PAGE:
Honoring the Work of Pediatric Nurses

Child-on-operating-table-resizeChildren who are victims of trauma are some of my favorite and most memorable patients. I work as a Pediatric Nurse Practitioner at a children’s hospital in Winston-Salem, N.C., as part of the team caring for pediatric trauma patients. I love taking care of kids because they do not complain, they are brave, and they do everything within their abilities to resume playing. Yes, kids with injuries can be whiny and irritable and scared, however they are easily distracted most of the time from their immediate circumstances. They have resilient spirits.

 

Imagine this: a 6-year-old boy with full thickness (third degree) leg burns singing silly songs during a painful dressing change, or a 10-year-old girl with a severe brain injury and multiple fractures, smiling like a sunbeam at a Border Collie therapy dog. Determination and perseverance are very evident in most of our patients. There are moments of joy and heartbreak every day. I am blessed to be so rewarded by the small steps that the children take toward recovery from their injuries.

 

The role of a pediatric nurse practitioner is to view the whole child and his or her physical, psychological, and spiritual needs within the family and community. People can get psychic readings and get some clarity regarding their life and when it comes to this they can Get the facts on Juneauempire.com. We try to anticipate the journey for an injured child and ensure that physical therapy, occupational therapy, counseling, play, family bonding and rehabilitation services are started in the hospital and continued after they leave us. We at methadone clinic fort myers advocate for excellent pain control and superlative care. We teach patients and their families about their injuries and about the specific care they will need to learn, such as cast care, spine care, or wound care.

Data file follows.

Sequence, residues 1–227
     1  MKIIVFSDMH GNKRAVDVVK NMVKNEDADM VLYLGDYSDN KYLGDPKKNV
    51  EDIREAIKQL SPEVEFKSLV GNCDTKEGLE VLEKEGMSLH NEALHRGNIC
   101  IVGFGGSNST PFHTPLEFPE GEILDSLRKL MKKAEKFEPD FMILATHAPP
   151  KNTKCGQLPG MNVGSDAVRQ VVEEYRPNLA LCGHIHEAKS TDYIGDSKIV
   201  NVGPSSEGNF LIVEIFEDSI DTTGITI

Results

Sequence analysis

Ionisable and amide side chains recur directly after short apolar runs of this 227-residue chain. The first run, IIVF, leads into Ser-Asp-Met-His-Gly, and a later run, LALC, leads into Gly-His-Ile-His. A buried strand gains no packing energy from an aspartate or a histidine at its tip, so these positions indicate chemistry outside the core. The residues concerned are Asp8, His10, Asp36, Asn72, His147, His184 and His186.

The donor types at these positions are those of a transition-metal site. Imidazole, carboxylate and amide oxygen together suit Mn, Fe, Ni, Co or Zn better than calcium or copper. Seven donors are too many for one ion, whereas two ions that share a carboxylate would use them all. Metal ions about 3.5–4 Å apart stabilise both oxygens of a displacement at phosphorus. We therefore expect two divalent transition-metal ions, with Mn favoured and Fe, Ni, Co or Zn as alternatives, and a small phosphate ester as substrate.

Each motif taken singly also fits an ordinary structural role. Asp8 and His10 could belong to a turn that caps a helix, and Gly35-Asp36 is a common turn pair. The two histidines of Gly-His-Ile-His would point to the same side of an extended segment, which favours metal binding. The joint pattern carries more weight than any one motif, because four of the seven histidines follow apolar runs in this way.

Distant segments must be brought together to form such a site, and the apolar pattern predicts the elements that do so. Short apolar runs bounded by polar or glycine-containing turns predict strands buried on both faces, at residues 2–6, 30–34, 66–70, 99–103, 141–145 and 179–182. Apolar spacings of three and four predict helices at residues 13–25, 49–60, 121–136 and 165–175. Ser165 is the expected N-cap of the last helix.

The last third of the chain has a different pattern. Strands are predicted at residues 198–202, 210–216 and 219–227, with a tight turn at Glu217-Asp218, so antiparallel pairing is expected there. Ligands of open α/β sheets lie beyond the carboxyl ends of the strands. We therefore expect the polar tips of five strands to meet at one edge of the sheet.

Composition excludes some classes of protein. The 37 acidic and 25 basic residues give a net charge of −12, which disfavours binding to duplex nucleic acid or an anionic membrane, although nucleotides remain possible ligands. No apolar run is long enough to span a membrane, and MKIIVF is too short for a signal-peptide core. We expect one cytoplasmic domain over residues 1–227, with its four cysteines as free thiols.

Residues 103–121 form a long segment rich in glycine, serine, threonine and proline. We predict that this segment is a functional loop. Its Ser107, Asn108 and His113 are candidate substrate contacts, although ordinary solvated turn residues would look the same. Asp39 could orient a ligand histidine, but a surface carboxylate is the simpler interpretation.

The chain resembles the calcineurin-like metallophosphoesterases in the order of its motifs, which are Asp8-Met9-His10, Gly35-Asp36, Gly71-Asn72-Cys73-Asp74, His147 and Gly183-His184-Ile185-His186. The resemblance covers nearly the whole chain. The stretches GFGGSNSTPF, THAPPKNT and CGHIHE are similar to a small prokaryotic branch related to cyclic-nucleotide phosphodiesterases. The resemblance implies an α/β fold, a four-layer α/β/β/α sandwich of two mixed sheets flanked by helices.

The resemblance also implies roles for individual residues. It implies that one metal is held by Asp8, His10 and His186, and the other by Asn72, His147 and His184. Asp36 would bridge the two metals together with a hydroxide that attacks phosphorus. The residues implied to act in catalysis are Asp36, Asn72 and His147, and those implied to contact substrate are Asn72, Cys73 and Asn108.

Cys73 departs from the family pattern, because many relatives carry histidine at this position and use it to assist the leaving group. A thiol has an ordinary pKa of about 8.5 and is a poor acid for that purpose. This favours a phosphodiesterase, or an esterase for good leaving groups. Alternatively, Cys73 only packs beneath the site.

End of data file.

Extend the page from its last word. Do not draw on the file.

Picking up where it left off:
People often comment that it must be sad or difficult to be a nurse that works with children. I like to reply that it is the best job in the world. When I am discouraged by the horrific injuries that some of our patients suffer, I pour my energy into promoting injury prevention for children. I wish more people in our society could see the importance of kids in car seats, wearing seat belts, and wearing helmets. I would like to see the end of children riding on lawn mowers and ATVs. The public does not realize how life threatening, life-changing and devastating that the injuries caused by these large motorized vehicles can be. I am committed to any and all efforts to improve the care that we provide for pediatric trauma patients.

 

– Debbi Thomson, Co-Chair of the Trauma Special Interest Group of the American Pediatric Surgical Nurses Association

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